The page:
This fundraising concert organised by Nicole Raquel Dennis and Ryan Carter is a powerful reminder of how music and words can unite people as well as put across serious messages.
Bringing together a hugely impressive cast of performers, Turn Up London is a wonderfully vibrant fundraising concert that wonderfully combines a combination of live (at Cadogan Hall) and home performances with readings, poetry and speeches to raise awareness and funds for four important charities.
Expertly put together, the concert neatly and powerfully unites voices from across the West End, Broadway and activism to offer a really insightful concert about not only how the black community feel but also to highlight particular charities – which for the most part in all honesty I hadn’t heard of.
Throughout there is plenty of passion delivered performance wise from all of those participating – with Cedric Neal’s smooth and heartfelt performance of Stevie Wonder’s ‘Love’s in Need of Love’ and Obioma Ugoala’s powerfully passionate rendition of ‘Make Them Hear You’ from Ragtime are two highlights.
But it is also the way in which the singers are able to put their own mark on the songs – adding an extra sense of poignancy and focus on what the message of the song is. This was heard to great effect through Brittney Johnson and Alexia Khadime’s gorgeous duet of ‘For Good’ and Johnnie Fiori, Sharon D Clarke, Sandra Marvin and Brenda Edwards’ soulful and emotional rendition of ‘I Know Where I’ve Been’ from Hairspray.
Of course, this wasn’t all about the music. There were a number of brilliant readings, speeches and poetry delivered throughout including Joe Aaron Reid’s reading titled ‘A Young Black Man’ which is particularly insightful and thought provoking. Every piece was picked for effect – and each one does pack a punch in its tone and message. Meanwhile, finding out more about the charities the concert was raising funds for including the The Bail Project, The Okra Project, The Black Curriculum and UK Black Pride was also enlightening and of course all are worthy causes.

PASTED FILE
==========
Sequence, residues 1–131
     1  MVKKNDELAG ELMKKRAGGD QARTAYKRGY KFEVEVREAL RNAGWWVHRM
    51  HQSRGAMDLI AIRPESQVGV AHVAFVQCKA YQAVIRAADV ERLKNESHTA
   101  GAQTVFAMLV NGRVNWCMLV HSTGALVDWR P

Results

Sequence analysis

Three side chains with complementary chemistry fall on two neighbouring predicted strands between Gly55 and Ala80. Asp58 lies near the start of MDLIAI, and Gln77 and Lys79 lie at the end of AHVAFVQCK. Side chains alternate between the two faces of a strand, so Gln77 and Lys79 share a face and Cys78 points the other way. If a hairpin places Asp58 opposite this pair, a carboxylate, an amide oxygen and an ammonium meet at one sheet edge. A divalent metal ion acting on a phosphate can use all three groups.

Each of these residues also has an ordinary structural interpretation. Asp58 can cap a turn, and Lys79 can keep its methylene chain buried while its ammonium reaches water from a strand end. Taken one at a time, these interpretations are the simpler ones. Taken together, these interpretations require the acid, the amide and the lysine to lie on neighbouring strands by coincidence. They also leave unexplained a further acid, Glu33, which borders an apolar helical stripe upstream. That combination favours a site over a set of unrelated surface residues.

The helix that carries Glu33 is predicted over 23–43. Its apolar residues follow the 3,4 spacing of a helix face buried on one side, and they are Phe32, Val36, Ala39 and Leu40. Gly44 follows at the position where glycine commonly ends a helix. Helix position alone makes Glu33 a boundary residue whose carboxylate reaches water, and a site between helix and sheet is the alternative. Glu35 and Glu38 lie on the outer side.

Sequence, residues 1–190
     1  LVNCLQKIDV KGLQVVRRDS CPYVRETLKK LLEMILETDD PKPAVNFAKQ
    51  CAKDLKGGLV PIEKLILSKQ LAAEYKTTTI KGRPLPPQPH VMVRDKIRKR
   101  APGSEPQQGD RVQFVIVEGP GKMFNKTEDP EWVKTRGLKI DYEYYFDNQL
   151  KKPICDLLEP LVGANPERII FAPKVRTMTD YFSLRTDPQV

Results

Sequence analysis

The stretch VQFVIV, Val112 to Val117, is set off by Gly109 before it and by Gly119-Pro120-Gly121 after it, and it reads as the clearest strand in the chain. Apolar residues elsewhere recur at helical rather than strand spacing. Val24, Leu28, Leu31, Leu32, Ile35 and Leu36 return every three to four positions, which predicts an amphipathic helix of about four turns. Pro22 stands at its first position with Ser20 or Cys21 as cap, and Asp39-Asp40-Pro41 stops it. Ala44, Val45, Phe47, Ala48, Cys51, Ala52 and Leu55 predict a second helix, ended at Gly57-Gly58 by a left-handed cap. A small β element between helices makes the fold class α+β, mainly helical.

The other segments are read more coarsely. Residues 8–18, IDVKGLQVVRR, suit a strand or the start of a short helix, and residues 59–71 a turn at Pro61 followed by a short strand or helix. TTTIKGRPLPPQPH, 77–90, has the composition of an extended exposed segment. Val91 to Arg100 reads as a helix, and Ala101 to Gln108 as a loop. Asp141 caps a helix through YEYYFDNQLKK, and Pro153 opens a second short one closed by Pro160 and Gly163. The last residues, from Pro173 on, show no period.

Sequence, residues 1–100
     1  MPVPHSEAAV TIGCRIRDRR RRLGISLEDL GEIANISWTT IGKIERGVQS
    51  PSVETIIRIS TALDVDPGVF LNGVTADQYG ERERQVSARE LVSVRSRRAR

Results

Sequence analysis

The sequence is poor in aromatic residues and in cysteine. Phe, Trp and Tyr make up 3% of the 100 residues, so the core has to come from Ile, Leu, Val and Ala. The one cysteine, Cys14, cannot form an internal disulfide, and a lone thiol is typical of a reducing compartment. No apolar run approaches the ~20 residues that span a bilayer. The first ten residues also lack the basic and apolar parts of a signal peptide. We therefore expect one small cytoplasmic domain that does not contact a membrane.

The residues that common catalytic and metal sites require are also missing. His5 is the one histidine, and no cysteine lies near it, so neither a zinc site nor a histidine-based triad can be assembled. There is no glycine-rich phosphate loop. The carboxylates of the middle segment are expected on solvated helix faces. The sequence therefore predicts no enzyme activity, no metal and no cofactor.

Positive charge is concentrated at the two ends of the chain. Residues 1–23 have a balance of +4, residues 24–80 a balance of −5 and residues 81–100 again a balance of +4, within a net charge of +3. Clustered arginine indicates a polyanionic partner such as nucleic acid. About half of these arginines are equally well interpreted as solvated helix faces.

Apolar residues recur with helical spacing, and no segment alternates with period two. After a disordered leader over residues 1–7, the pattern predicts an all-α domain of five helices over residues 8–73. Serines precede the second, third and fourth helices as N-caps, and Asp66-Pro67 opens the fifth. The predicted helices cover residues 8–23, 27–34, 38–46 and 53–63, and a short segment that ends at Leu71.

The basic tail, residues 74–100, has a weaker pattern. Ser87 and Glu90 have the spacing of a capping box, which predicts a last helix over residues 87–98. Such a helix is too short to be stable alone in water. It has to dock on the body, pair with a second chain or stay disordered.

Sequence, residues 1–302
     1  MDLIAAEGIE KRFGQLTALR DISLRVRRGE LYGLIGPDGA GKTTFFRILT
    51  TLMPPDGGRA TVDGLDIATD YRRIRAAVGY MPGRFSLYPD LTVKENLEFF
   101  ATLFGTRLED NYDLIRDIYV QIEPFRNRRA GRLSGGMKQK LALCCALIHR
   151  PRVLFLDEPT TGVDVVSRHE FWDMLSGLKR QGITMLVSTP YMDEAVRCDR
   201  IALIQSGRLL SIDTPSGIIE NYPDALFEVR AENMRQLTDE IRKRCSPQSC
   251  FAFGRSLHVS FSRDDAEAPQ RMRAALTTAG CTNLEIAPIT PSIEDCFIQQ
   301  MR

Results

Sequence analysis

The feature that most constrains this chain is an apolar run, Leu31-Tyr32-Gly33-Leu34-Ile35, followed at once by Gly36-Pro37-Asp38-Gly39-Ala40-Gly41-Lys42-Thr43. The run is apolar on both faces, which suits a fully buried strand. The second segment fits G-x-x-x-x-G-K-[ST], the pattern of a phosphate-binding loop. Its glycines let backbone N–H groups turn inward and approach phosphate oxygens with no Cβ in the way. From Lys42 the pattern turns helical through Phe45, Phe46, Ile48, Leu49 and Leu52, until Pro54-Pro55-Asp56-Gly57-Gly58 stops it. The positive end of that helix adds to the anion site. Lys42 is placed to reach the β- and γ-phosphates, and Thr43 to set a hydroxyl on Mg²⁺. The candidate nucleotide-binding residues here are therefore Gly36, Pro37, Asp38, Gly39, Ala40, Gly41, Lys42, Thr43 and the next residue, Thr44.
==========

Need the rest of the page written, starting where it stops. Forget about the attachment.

While there was a serious message at the heart of this concert, there was plenty of fun alongside this as well, with Vinegar Strokes offering a really cheeky performance of ‘Juice’ and Natalie Kassanga, Kelly Agbowu and Nicole Raquel Dennis’ rendition of ‘I’m Every Woman’ was amazingly fun and filled with confidence. But it was ‘Ain’t No Mountain High Enough’ performed by Layton Williams, Marcus Collins and Rachel Adedeji that completed the show perfectly – reminding us all that matter how far we still have to go in eradicating racism and inequality, there is no reason why we can’t.
The sheer number of people involved in making this concert come to life is incredible and shows just what can be achieved when we all come together in this way – huge congratulations to all involved. Let’s hope that when we can all enter a theatre again that we have more concerts and performances like this!
By Emma Clarendon
Turn Up London is taking place again this evening at 7.30pm. To purchase tickets click here.